How to Create a Database Using T-SQL
Published: Aug 12, 2013
IMPORTANT: The majority of the settings you’re about to see are actually taken from the system database “model”. The model database is, as its name implies, the “model” by which all others are created. Therefore if you change settings, initial sizes, growth rates, and recovery options in the model database, then those are the defaults you will be presented with when creating a new database from scratch following the method below. If you have some settings that you wish to apply generically to all databases, then simply change them on the model database.

Database Creation

Open SQL Server Management Studio and wait for the login screen to appear. Log in to your SQL Server instance using whatever credentials you have. In my case I’m logging into a local SQL Server using the sa account.

(Note: I wouldn’t normally use the sa account, but this is a brand new install at time of writing and I have not created any accounts yet)

Once inside, click on "New Query" in the top left of your screen (or use Ctrl+N)...

Once you've got your new query window ready, we can start to create our database.

First things first, we need some code that checks to see if the database already exists and if it does, it will drop the database...
if DB_ID('boredDBA') is not null
begin
  drop database boredDBA
end
go
Now we know that we are starting from a clean slate, we can begin to create our database.

We will add to this script in stages throughout the article, therefore if you are following along then either run the drop script above after running each new create script, or simply wait until the end and run the complete script at the bottom.

Basic Create Script

If you are confident that all the defaults in Model are correct then this couldn't be easier...
create database boredDBA
go
If you wish to see the current state of your database at any time and verify the size, growth, and both logical and physical filenames, simply run the following:
sp_helpdb 'boredDBA'
go

Logical Names & Physical Names

Logical names are the internal names of your data and log files, whereas the physical names are the names used by the file system.

This can be seen much more clearly in an example rather than in words. Here, "name" is the internal SQL Server logical name, and "filename" is the name used by the operating system...
create database boredDBA
on
(
    name = boredDBA_data,
    filename = 'D:\Microsoft SQL Server\Data\boredDBA.mdf'
)
log on
(
    name = boredDBA_log,
    filename = 'D:\Microsoft SQL Server\Logs\boredDBA_log.ldf'
)go

Initial Size & Autogrowth

This is an area you want to aim to get right at the start rather than deal with later as getting it wrong can be costly in terms of database performance due to both internal and external fragmentation of the database.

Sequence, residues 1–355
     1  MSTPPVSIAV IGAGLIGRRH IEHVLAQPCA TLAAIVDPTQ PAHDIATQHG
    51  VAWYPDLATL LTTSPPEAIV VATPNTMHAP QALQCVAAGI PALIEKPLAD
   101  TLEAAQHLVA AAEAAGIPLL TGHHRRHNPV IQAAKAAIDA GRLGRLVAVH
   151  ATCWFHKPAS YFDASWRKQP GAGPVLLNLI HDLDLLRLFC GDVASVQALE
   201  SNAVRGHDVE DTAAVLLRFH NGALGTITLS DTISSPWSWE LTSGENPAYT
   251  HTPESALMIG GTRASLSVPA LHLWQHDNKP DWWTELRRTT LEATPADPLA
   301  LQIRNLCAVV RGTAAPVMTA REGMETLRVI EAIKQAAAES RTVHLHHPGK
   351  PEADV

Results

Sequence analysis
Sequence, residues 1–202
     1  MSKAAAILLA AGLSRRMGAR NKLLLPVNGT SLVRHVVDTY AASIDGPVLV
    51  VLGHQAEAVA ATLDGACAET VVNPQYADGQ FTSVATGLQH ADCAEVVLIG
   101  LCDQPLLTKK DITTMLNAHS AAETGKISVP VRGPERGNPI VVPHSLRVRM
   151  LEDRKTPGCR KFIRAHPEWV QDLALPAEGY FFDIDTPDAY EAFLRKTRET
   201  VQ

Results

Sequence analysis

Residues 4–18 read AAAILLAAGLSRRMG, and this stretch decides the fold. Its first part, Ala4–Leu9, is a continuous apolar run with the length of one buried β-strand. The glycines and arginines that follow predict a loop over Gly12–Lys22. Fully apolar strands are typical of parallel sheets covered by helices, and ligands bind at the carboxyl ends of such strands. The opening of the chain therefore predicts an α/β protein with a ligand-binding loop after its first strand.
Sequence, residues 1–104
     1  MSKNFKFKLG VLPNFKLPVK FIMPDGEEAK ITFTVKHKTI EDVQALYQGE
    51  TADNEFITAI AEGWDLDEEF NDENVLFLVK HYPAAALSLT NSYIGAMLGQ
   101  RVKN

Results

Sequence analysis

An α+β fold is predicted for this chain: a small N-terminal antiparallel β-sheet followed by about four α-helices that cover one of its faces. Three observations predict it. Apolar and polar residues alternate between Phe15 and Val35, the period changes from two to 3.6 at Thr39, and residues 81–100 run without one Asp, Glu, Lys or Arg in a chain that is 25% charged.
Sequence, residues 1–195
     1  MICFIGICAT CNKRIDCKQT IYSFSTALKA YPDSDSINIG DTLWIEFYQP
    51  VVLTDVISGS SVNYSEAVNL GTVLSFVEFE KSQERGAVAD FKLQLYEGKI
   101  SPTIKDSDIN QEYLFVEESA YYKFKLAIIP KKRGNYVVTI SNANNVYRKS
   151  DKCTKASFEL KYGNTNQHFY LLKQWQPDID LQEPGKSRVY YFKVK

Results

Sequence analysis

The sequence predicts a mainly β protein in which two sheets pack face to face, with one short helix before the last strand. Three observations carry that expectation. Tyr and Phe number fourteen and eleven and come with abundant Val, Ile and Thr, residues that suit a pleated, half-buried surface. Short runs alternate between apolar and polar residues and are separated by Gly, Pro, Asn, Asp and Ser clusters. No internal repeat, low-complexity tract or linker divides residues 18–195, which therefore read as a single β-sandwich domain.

Internal fragmentation is an advanced topic to be discussed elsewhere, but external fragmentation is a less complex issue that I will cover with a quick example:

Let’s say you create a database, as above, with an initial size of 3MB and a growth rate of 1MB. The operating system will allocate you a 3MB chunk of hard drive and write your data file to it.

You then slowly start to load data to a total of 10MB. What happens is that once the database reaches 3MB, SQL Server requests another 1MB slot, so the operating system will allocate a 1MB piece of hard disk space. This happens a further 6 times. Therefore your database is now 10MB and you have 10MB of space on the hard disk.

However, the 10MB on the hard disk is in 8 separate files which, if the operating system is busy, could be considerably spread around the drive, therefore proving costly in terms of disk IO when trying to read and write data.

Planning ahead and starting with an initial size of 10MB would have solved this problem. Also, having a sensible autogrowth is crucial as if you’re loading 100MB of data at a time then growing by 1MB would be nonsensical.

Note: This type of logic is applicable to both the data and log files.

I would also recommend using fixed number growth instead of a percentage as this will help maintain internal fragmentation in the long run.

In my example, I’m going to be using my database for all manner of demonstrations and examples, I also have no shortage of space on my disk (another consideration, especially with regard to “unlimited growth”), so I am going to set my database as follows:
create database boredDBA
on
(
    name = boredDBA_data,
    filename = 'D:\Microsoft SQL Server\Data\boredDBA.mdf'
    size = 1000,
    maxsize = unlimited,
    filegrowth = 100
)
log on
(
    name = boredDBA_log,
    filename = 'D:\Microsoft SQL Server\Logs\boredDBA_log.ldf'
    size = 100,
    maxsize = unlimited,
    filegrowth = 50
)go

Recovery Model

This is something that you need to set when creating a new database. This defines how SQL Server will utilise the database log file.

I will do an article solely on Recovery Models at a later date (and place a link here).

For my purposes I do not need point in time recovery or complex backup strategies, therefore I’m going to change mine to SIMPLE…
alter database boredDBA set recovery simple
go
That's it. Check your database using sp_helpDB and you'll see that all the settings are as you had hoped:

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Kevin Urquhart

I am a SQL Server DBA, Architect, Developer, and Trainer for SQL Training. This is my blog in which I’m simply trying to share my SQL knowledge and experiences with the world.

Kevin Urquhart
SQL Server Consultant, London

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